Helping displaced children in rebel-held parts of Kachin
|Publication Date||23 May 2013|
|Cite as||IRIN, Helping displaced children in rebel-held parts of Kachin, 23 May 2013, available at: http://www.refworld.org/docid/519f36ad4.html [accessed 4 December 2016]|
Children's laughter rings out from bamboo huts along the perimeter of the Lana Zup Ja camp for internally displaced persons (IDPs) in a part of Myanmar's Kachin State controlled by the Kachin Independence Army (KIA): A group of pre-schoolers are playing in a plywood hut, seemingly oblivious to the squalid conditions surrounding them.
The playground-cum-learning centre is one of six new "child-friendly spaces" that local NGO Wing Pawng Ningthoi (WPN) has built in IDP camps in Kachin State.
"Most of the children come from conflict zones, but when we ask them about their experiences, many of them don't know how to answer and just stare in silence," WPN's Mary Tawm, who oversees food and shelter assistance for about 10,000 IDPs in six camps controlled by the KIA, told IRIN.
But these children are also the lucky ones.
"Thousands of children have been affected by the conflict in Kachin State," said James Gray, a child protection specialist for the UN Children's Fund (UNICEF).
While the agency had been able to provide support and assistance to separated and unaccompanied children and those in need of psychosocial support over the past 18 months in government-controlled areas, he said, "UNICEF is concerned about the situation of children in the non-government controlled areas, where access is difficult, and children are without child protection interventions."
"The children's [psychological] needs are not being met because these are the kind of things that are secondary to food and shelter," said Oddney Gumaer, international advocacy director of Partners Relief and Development, one of the few international NGOs to gain access to KIA-controlled territory.
"In the Western world when there is a crisis or disaster there are psychologists and crisis teams at the location almost immediately and we get all the needed follow-up right away. But for these people there is no support like that," she explained.
The children were displaced, like thousands of others, after a ceasefire between the Burmese government and the KIA collapsed in June 2011. Many are traumatized, having witnessed acts of violence.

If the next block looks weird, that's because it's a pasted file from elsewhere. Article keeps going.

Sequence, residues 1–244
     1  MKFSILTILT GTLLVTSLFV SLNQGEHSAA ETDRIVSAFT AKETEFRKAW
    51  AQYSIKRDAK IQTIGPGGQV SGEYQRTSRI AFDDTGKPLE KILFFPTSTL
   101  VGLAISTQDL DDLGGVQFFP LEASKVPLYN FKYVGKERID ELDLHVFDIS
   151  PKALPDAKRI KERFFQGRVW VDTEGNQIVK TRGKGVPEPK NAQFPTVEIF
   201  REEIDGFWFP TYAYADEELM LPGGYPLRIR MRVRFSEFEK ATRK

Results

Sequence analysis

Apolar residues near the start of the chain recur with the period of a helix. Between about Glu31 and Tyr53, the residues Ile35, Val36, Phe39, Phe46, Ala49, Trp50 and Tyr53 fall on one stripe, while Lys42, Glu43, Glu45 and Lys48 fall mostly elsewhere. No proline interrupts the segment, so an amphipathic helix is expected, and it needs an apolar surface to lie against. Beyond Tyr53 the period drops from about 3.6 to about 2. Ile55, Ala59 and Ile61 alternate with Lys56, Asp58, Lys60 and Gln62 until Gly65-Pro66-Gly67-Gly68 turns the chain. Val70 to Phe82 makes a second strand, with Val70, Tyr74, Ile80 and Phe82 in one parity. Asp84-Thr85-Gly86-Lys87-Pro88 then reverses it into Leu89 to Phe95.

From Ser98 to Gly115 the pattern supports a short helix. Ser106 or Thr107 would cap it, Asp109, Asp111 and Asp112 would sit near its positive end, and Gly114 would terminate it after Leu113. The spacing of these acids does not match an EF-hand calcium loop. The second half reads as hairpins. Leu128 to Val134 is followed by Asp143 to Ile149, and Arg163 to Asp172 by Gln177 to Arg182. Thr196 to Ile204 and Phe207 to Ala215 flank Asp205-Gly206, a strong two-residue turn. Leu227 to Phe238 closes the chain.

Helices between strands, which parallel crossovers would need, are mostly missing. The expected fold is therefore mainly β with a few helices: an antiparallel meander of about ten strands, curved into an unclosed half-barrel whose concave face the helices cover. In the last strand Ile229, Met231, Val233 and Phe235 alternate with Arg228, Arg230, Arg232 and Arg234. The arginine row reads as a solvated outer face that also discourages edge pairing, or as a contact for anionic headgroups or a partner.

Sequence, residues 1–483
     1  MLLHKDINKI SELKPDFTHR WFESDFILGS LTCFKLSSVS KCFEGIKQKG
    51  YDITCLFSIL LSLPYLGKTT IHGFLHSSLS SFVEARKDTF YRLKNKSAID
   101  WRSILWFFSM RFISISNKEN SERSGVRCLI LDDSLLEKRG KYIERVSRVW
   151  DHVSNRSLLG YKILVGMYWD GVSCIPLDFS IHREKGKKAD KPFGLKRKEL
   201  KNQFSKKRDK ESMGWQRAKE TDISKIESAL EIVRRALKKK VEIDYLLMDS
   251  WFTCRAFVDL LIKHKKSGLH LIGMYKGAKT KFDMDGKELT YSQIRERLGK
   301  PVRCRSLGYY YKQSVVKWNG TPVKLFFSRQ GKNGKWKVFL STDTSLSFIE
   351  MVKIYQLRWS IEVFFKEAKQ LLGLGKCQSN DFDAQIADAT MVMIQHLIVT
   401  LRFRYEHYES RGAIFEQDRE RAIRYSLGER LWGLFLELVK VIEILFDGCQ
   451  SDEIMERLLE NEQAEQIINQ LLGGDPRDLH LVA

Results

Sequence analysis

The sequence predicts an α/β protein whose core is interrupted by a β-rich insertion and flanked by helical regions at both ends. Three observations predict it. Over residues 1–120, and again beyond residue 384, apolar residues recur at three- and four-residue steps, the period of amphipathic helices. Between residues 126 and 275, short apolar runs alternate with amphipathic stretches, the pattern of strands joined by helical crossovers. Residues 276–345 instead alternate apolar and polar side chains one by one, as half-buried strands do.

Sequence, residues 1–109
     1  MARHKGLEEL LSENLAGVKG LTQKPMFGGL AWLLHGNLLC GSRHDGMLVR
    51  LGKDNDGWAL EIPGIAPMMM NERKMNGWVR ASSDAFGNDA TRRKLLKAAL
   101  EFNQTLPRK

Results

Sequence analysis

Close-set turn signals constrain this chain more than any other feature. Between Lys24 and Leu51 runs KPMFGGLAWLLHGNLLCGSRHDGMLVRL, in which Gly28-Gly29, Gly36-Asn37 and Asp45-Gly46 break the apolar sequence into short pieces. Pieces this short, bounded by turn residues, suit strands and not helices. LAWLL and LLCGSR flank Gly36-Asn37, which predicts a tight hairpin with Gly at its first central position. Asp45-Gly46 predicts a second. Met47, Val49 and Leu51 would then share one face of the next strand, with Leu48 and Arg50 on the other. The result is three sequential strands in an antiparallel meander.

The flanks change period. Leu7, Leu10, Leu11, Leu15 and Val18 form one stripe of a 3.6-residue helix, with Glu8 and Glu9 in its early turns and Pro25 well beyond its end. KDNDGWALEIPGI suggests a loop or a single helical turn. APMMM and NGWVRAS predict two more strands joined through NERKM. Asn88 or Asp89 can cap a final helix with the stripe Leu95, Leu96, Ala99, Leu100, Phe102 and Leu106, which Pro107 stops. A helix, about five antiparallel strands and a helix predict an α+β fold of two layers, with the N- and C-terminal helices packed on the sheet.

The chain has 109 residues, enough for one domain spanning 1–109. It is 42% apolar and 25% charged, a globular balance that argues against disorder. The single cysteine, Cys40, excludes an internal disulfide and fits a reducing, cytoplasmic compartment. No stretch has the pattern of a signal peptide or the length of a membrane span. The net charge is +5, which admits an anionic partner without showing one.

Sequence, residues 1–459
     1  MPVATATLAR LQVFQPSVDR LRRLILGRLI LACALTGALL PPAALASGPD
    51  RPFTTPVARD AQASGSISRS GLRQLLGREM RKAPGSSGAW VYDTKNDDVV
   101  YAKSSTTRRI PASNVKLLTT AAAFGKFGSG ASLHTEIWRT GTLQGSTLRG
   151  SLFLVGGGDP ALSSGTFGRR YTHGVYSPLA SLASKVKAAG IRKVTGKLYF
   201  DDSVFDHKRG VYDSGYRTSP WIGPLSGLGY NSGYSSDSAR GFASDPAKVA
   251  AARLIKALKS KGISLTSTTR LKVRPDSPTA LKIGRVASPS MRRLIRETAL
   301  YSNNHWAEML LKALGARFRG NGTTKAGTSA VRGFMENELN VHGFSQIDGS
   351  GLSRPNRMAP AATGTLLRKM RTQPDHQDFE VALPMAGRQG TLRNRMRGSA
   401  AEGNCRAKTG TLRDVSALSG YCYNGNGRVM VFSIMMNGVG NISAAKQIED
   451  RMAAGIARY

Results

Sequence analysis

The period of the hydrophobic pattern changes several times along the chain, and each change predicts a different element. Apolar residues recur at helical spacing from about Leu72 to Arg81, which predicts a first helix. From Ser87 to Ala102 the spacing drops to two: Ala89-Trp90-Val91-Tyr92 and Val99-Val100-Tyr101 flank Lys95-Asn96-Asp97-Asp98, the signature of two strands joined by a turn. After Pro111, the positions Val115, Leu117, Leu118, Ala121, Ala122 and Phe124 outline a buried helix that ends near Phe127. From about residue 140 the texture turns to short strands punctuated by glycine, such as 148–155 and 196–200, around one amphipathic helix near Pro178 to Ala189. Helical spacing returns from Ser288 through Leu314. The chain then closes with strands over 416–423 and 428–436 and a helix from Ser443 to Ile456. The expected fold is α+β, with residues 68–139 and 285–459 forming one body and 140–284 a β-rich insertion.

According to the UN, over 83,000 residents are displaced in Kachin State, including 47,000 (56 percent) in KIA-controlled areas. This number, however, does not include those living with host families or the many who fled to neighbouring Shan State.
Many of the IDPs have been displaced for a long time, some for over 20 months, triggering renewed and additional needs for basic services and protection, the UN Office for the Coordination of Humanitarian Affairs said in its most recent humanitarian update.
To help provide support for children in KIA-controlled areas, WPN is working with local workers from Save the Children in the six centres, and hopes to follow up with more assistance in future.
"Providing a protected environment where children can engage and participate in activities and interact in a more normal situation where they are protected from physical harm is key," said Kelly Stevenson, Save the Children's Myanmar country manager.
The pre-school set-up provides more of a group learning environment - similar to a classroom - to help many of the children build up their self-esteem and confidence, Stevenson explained.
To help bring more awareness of children's basic rights, WPN has also organized several workshops for staff and volunteers, as well as camp residents. But for now, giving children the opportunity of interacting and playing together in a safe environment is proving helpful.
According to the Laiza-based Relief Action Network for IDPs and Refugees (RANIR), an umbrella group of 11 NGOs and community-based organizations working in KIA-controlled areas, the quality of the humanitarian response in areas outside government control is well below international standards due to a lack of funding and limited access.